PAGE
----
• Increase heat is absorbed into breaking molecules and then ionization of hydrogen through out the proto-star
  • When the temperature is high enough that the bonds of the hydrogen molecules are broken, it becomes easier for infrared radiation to escape.
  • The system cools again, allowing another period of rapid collapse allowing it to get smaller and hotter.
  • Center becomes hot enough for hydrogen fusion to start. The protostar becomes main sequence star.

HR diagrams for star clusters

We may not know the distance to star cluster, but we know that all stars in a cluster are at a practically the same distance from us. Thus, we can plot brightness versus temperature, instead of (unknown) luminosity versus temperature.

Jets from Young Stars

  • Young objects that will soon become stars are called proto-stars.
  • Proto-stars are often surrounded by an accretion disk and often show jets of gas called bipolar outflows.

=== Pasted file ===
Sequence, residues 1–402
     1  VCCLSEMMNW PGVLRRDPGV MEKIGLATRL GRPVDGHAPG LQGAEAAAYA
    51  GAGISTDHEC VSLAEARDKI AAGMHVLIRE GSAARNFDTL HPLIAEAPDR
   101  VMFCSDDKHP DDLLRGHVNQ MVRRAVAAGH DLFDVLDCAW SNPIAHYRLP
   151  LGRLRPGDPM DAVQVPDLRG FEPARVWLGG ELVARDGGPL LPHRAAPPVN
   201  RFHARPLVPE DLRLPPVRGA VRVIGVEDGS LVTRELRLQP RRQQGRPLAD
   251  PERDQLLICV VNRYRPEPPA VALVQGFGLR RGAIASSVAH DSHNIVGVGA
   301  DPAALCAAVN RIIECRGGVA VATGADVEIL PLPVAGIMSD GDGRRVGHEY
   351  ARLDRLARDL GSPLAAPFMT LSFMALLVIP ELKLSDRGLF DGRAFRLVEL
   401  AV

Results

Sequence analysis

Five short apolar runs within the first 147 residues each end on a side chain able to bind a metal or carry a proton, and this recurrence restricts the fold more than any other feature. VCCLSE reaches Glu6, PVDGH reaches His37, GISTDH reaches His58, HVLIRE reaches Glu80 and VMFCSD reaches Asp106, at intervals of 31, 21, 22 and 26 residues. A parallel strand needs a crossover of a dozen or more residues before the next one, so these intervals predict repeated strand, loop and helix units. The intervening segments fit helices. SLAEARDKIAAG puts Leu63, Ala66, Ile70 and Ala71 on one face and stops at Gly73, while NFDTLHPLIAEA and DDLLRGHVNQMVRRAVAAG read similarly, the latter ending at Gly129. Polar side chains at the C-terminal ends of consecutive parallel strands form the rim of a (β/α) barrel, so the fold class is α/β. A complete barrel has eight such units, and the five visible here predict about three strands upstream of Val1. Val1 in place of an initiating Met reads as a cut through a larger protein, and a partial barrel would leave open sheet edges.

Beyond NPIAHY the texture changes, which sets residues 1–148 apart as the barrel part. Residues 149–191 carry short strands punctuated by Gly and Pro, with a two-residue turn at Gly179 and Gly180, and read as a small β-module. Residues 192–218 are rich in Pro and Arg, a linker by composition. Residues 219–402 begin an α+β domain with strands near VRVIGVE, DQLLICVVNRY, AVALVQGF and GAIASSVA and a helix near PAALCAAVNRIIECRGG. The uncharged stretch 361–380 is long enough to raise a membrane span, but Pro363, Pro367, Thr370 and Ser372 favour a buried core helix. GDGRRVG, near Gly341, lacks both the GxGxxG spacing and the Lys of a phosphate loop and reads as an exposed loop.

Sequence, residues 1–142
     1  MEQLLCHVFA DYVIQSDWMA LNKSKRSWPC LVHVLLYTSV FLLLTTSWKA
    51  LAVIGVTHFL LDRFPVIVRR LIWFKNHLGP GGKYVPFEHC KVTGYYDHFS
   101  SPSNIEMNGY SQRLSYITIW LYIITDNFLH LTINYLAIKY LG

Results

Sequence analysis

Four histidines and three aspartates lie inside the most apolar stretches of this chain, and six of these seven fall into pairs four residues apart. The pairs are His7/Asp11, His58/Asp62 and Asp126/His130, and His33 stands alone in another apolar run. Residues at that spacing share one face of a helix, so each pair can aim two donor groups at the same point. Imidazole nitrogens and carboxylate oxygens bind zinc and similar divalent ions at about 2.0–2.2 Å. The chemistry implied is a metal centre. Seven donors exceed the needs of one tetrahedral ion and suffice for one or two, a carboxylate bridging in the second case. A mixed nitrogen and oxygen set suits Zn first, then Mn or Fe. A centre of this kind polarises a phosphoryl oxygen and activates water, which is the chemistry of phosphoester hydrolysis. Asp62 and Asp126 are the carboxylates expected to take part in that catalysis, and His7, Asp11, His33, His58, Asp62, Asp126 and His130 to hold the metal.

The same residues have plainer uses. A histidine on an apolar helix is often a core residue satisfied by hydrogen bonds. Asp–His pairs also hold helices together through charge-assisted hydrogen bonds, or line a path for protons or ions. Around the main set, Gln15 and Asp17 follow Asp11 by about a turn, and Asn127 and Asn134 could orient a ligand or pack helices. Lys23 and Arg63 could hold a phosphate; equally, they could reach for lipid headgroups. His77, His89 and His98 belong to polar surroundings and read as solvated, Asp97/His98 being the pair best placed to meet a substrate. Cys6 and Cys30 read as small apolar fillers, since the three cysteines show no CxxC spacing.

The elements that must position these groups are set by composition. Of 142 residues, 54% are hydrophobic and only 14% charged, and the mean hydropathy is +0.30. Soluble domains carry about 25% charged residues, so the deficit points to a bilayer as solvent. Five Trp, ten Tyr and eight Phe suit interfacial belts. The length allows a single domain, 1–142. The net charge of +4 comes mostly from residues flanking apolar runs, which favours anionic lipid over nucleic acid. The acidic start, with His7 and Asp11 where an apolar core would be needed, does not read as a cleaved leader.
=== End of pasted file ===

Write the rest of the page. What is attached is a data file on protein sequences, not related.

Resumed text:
Figure 20-14

Collapse with Angular Momentum

  • All astronomical objects spin, even if very slowly.
  • The original collapsing cloud will have some small amount of spin.
  • During a collapse, angular momentum is conserved.
  • Angular momentum is J = a &omega R2
    • a = a constant whose value we aren't interested in
    • &omega = Angular velocity = 2 &pi/P
    • P = Spin Period
    • R = Radius of the star cloud
  • If angular momentum is conserved then
    &omegafinal = &omega0 x (R0/Rfinal)2
  • Since R0/Rfinal is much larger than 1
    Final angular velocity can be very high, even if the initial angular velocity is very low.
  • A spinning ball tends to get squashed, so that its equator is larger than its polar radius.
  • A very rapidly rotating cloud will get flattened into a disk.